Death in the Tunnel by Miles Burton

Like many other readers, I often find myself drawn to stories that take place on trains. There is something very appealing about this type of setting for a novel. Perhaps it’s the relatively intimate, self-contained nature of train compartments, an environment conducive to chance encounters and secret assignations. Maybe it’s the mix of people we brush up against during the journey, a disparate group of individuals, each with their own characteristics and idiosyncrasies. Or could it be the sense of continuous momentum involved, a feeling of journeying into the unknown whatever this may bring? In reality, I suspect it’s a combination of several factors – whatever it is, I find these stories hard to resist, especially if there’s a crime involved. All of which brings me to Miles Burton’s 1936 novel, Death in the Tunnel, a Golden Age mystery featuring a highly suspicious incident that takes place during a train journey.

As the novel opens, the 5 pm train from London’s Cannon Street is travelling to Stourford via its usual route. A little while after the train enters the Blackdown Tunnel, the train driver suddenly applies the breaks, causing the guard to commence a check of all the compartments to see if there has been an emergency on board. Shortly afterwards, the train begins to gather speed again, arousing the guard’s curiosity even further. As it turns out, the driver had seen a red light swinging in the middle of the tunnel, only for the light to change to green as the train slowed down and approached the source – a most peculiar occurrence, especially given the absence of any scheduled works on the line. Then, just as the train is pulling into Stourford, the guard discovers a passenger who seems to be in a bad way. On closer inspection at the station, it would appear that the man in question is in fact dead.

The station-master entered the compartment. “Hallo, it’s Sir Wilfred Saxonby from Helverden!” he exclaimed. “He went up by the 9.50 this morning, and his car is in the yard now to meet him. Whatever can be matter with him, I wonder?” As he spoke, the station-master unbuttoned the passenger’s overcoat, and opened it out. He started back in horror. On the breast of the dark grey suit beneath it was a patch of wet blood. (p. 11)

At first sight, Sir Wilfred’s death appears to be a cut-and-dried case of suicide. On his arrival at the platform at Cannon Street station, Sir Wilfred had paid the guard a pound to be seated alone in a locked first-class compartment where he wouldn’t be disturbed during the trip home. A small pistol engraved with his initials was found close to the body in a position that would fit with the presumption of suicide. Furthermore, it transpires that Sir Wilfred’s son and daughter were out of the country at the time of his death – both had gone abroad at their father’s suggestion, possibly to spare their feelings over the nature of his death. Nevertheless, clear cut or not, it is always best to be thorough in these matters, and Inspector Arnold of Scotland Yard is soon called in to take charge of enquiries.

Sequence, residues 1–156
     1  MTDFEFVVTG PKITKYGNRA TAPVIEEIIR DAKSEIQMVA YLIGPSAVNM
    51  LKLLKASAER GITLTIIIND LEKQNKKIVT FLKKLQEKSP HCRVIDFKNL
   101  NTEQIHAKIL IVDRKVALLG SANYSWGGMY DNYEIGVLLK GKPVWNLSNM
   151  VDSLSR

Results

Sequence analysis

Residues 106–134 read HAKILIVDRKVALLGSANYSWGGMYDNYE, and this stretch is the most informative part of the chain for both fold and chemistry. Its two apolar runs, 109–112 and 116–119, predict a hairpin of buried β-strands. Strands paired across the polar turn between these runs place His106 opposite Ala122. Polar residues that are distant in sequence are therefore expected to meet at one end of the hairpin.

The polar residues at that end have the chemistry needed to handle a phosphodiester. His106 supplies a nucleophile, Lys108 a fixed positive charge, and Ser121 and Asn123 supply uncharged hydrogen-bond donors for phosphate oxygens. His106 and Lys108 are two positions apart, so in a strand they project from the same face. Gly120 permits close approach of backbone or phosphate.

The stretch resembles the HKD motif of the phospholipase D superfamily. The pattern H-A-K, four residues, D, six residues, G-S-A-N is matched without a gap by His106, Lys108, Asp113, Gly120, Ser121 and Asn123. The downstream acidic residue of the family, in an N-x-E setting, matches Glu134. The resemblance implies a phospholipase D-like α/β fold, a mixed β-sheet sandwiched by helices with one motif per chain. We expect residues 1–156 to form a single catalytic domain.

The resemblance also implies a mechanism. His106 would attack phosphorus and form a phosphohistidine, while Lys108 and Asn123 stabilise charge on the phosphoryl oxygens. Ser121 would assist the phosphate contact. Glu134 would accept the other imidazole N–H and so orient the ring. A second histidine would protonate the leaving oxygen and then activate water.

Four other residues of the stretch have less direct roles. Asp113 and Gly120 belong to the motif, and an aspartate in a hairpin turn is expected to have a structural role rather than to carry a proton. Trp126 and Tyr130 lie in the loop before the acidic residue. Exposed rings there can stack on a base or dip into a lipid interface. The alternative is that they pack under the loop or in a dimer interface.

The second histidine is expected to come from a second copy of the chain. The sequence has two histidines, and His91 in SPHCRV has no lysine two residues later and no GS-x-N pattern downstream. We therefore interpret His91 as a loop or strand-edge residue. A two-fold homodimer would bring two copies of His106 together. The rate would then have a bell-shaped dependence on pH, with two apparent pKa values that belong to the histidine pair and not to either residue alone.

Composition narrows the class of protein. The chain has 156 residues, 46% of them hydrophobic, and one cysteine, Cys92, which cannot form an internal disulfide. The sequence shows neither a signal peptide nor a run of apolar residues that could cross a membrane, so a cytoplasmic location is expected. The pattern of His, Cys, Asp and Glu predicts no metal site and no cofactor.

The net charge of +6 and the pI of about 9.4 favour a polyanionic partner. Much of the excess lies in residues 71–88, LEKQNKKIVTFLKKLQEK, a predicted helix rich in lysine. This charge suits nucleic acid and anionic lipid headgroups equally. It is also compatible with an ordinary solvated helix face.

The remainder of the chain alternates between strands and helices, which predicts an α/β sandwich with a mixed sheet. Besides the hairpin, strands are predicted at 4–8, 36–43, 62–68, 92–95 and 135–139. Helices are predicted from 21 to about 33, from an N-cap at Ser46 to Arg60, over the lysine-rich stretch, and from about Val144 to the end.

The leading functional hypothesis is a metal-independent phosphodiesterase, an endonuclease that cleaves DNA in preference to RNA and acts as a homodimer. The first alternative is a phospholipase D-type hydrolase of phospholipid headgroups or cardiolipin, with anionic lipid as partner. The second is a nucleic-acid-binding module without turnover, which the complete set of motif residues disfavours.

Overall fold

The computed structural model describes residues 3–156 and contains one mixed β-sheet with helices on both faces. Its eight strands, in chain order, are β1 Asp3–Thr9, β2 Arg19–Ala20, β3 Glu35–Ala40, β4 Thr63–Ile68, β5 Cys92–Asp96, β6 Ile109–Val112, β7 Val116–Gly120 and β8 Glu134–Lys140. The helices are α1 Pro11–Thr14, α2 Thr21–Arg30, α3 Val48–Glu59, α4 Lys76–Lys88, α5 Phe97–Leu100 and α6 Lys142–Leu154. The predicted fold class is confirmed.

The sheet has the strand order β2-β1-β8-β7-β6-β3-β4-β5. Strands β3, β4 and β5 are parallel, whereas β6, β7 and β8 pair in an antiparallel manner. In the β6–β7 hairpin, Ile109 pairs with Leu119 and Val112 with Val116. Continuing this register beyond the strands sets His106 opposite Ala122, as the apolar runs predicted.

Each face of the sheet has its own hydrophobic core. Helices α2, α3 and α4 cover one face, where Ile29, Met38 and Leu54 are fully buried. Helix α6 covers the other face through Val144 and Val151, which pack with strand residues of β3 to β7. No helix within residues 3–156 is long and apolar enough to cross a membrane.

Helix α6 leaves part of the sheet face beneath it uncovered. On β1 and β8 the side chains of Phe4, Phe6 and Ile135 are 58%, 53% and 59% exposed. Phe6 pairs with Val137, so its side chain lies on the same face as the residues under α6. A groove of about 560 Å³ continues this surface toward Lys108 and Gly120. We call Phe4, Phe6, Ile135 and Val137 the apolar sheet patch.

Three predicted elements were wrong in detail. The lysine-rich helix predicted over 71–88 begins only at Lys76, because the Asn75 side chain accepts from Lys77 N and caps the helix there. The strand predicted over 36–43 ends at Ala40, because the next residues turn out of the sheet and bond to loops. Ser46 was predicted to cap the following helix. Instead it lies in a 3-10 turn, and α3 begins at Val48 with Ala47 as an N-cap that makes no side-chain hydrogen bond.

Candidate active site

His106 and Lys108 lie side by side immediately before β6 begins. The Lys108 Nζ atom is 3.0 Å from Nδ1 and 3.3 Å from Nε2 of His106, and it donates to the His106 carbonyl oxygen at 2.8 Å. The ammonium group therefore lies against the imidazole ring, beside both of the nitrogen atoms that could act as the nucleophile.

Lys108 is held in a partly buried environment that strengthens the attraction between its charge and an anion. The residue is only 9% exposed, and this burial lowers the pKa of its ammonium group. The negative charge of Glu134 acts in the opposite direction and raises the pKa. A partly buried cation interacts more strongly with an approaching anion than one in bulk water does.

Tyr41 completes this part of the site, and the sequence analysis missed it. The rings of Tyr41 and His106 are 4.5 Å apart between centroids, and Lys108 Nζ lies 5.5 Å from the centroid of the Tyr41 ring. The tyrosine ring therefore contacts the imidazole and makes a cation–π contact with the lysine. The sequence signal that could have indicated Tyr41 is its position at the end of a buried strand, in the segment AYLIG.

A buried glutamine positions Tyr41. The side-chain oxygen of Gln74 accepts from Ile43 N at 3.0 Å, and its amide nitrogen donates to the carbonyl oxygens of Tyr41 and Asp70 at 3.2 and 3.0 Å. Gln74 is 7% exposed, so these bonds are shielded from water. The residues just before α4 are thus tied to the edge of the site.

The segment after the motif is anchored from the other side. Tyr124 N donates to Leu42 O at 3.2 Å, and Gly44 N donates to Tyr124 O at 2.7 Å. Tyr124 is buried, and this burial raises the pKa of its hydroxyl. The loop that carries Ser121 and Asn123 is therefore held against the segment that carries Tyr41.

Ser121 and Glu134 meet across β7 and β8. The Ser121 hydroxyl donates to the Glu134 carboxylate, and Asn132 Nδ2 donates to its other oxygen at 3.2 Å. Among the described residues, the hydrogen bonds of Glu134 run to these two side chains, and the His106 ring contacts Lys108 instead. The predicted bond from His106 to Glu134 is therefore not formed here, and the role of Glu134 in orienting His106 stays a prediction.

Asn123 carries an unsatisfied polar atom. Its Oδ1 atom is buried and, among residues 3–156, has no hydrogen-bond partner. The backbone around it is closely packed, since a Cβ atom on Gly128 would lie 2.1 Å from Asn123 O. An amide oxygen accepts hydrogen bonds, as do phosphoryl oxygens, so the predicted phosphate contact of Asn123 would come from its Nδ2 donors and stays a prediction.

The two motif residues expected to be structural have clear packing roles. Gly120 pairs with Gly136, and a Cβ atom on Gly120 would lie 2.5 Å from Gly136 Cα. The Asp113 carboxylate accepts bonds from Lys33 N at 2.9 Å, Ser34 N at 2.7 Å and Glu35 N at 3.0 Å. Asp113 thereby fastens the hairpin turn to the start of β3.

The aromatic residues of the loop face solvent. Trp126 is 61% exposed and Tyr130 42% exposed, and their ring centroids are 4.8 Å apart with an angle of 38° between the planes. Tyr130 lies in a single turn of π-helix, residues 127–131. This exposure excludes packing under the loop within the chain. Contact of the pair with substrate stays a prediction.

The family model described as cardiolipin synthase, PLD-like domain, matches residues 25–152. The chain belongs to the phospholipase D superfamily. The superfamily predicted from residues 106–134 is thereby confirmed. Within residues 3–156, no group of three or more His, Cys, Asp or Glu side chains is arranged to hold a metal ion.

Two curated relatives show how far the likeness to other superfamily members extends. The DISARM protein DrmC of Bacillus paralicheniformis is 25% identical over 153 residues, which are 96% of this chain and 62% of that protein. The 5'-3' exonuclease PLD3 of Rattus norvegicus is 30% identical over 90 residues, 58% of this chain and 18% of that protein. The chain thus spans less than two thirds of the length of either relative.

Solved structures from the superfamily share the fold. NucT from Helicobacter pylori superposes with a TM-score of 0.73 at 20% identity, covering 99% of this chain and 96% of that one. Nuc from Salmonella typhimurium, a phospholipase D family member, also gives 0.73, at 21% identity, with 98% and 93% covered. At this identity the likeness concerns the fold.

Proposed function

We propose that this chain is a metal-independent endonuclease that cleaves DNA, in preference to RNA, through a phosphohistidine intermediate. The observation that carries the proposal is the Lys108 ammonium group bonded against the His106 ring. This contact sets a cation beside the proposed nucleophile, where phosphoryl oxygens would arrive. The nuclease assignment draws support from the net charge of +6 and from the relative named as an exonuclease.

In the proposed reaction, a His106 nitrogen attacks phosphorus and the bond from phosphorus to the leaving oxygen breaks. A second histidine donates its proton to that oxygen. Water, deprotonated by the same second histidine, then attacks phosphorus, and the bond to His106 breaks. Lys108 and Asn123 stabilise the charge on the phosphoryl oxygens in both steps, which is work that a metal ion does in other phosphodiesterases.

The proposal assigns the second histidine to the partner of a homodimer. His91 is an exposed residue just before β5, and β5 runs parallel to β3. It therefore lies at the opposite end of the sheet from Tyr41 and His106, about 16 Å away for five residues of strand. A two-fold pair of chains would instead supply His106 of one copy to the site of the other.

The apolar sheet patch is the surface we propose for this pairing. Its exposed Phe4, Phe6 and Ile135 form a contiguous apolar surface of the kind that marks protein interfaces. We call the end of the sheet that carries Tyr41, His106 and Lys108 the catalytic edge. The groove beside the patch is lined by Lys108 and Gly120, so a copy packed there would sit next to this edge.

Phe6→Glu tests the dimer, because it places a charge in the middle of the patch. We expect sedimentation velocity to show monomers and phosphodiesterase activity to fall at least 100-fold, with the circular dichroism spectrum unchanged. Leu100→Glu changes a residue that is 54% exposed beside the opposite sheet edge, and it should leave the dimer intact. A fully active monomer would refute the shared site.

Inspector Arnold doesn’t waste any time in getting down to business on the case, interviewing associates of Sir Wilfred’s and examining all the available evidence in a structured, methodical manner. In this endeavour, he is ably assisted by his close friend, the amateur detective, Desmond Merrion. As the pair begin to delve more deeply into the circumstances surrounding Sir Wilfred’s death, a number of puzzling details start to emerge, some of which suggest the possibility of murder as opposed to suicide. For instance, why was there no train ticket amongst Sir Wilfred’s belongings when the train compartment was searched? Who was the man seen leaving one of the first-class compartments just before the train entered the tunnel and where did he go? And perhaps most perplexing of all, who was operating the red and green lights seen by the driver as he travelled through the tunnel? On pondering the latter, Merrion begins to develop a hypothesis, one that raises several questions that prove rather tricky to answer.

“…However, let’s admit the bare possibility of there having been a man in the tunnel, who deliberately slowed down the train so that he would be able to board it.

“Now we pass on to the next point. In order that he could effect his purpose, it would be necessary that Saxonby should be travelling in a compartment by himself, and that his assailant should know which compartment this was. How could he have obtained the knowledge on either of these points? He might, it is true, have guessed that, for some reason with which he was acquainted, Saxonby would want to secure a compartment to himself. But how can he have known that Saxonby had been successful? Or, if he gambled on the probability of this success, how did he know which compartment it was? He couldn’t have seen Saxonby through the window, for that would almost certainly be obscured by the fumes from the engine.” (pp. 50-51)